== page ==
How To Create Passive Income With Real Estate Note Investing
Real Estate Note Investing
I’m all about investing in real estate but also want to avoid the hassles that come with being a landlord. A few years ago, I thought I wanted to start investing in single family homes and reached out to some local investors that did it full-time.
When I saw the amount of time and energy it took to deal with tenants on a daily basis, I knew that it wasn’t for me.
Honestly, I didn’t know much about them and don’t ever recommend investing in something that I don’t understand (and neither should you.)
But this wasn’t the first time I’d heard about someone recommending note investing. What got me really excited was the fact that it moves you from being a borrower to now becoming the bank.
Here’s what I found out about real estate note investing so you can make a decision if it’s right for you….
What Are Real Estate Notes?
I’m sure you’ve written a check before, right? And when you do, you’re PROMISING to pay someone for something. For instance, when you write one to your cable company, you’re promising to pay them for their services brought into your home or office.
In essence, a note is a promise to pay such as an IOU. Anytime you borrow money and create a document that says you will pay someone back, you create a note.
If you’re like me and had to take out student loans, you had to sign a note agreeing to pay back the lender.
If you’re a home owner, you signed a promissory note which defined the loan’s terms such as:
- loan amount
- percentage rate
- payment amount
- number, frequency, and timing of payments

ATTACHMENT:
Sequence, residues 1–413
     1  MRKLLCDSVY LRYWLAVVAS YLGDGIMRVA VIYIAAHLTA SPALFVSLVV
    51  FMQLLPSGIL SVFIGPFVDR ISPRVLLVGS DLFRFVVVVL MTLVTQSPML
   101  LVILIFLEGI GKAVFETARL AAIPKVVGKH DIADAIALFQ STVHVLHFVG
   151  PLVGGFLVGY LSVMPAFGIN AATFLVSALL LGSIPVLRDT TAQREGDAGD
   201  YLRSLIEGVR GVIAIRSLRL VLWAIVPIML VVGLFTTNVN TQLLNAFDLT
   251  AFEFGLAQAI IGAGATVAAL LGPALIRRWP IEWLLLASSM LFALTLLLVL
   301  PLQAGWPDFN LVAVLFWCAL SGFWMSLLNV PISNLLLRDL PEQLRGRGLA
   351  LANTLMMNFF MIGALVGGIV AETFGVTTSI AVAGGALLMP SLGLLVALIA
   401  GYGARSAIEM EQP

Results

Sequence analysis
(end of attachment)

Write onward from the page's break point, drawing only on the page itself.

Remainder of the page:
- late payment penalties
By itself, the note is a promise to pay and is not secured by collateral. Whenever you go through a financed real-estate transaction, this note is secured through a security instrument such as a mortgage or deed-of-trust.
This instrument ties the note to the deed as a lien on the property as collateral. Remember, the note by itself is not secured by collateral.
If the borrower fails to pay back their promise, the mortgage or deed-of-trust spells out the lenders recourse (foreclosure).
Therefore a real estate note can be bought, sold and traded like any other asset that guarantees payments or other rights with regards to the collateral.
Whenever you hear someone talk about real estate note investing, what they’re really doing is acting as a bank or lender and buying “the paper.”
This paper is an agreement stating a borrower is to pay the debt they’ve taken in order to acquire some piece of real estate. If they default on this, it gives you, the real estate note holder, the right to collect.
Real Estate Note Investing Example
In order to make this clearer for you, let’s start off with an example from Note Investor:
Let’s say a property sold for $120,000 and the buyer put down a $20,000 payment. The seller of the property carried back a note in the amount of $100,000.00.
Let’s also assume they wrote the note at 10% interest. If so, the note would look like this:
- 360 payments of $877.57.
Now, you have an opportunity to buy the note after five years have passed by (it could be any number of years, just picking a round number for this example).
That means there are 300 payments remaining.
The “Present Value” or current balance owed on the note would be $96,574.32.
If you wanted to earn 12% on your investment you would pay $83,322.39 for the note.Join the Passive Investors Circle
How your risk is managed
The value of the property is $120,000.
That means your investment to value is 69% or that there is $36,677.61 of “equity” in the property.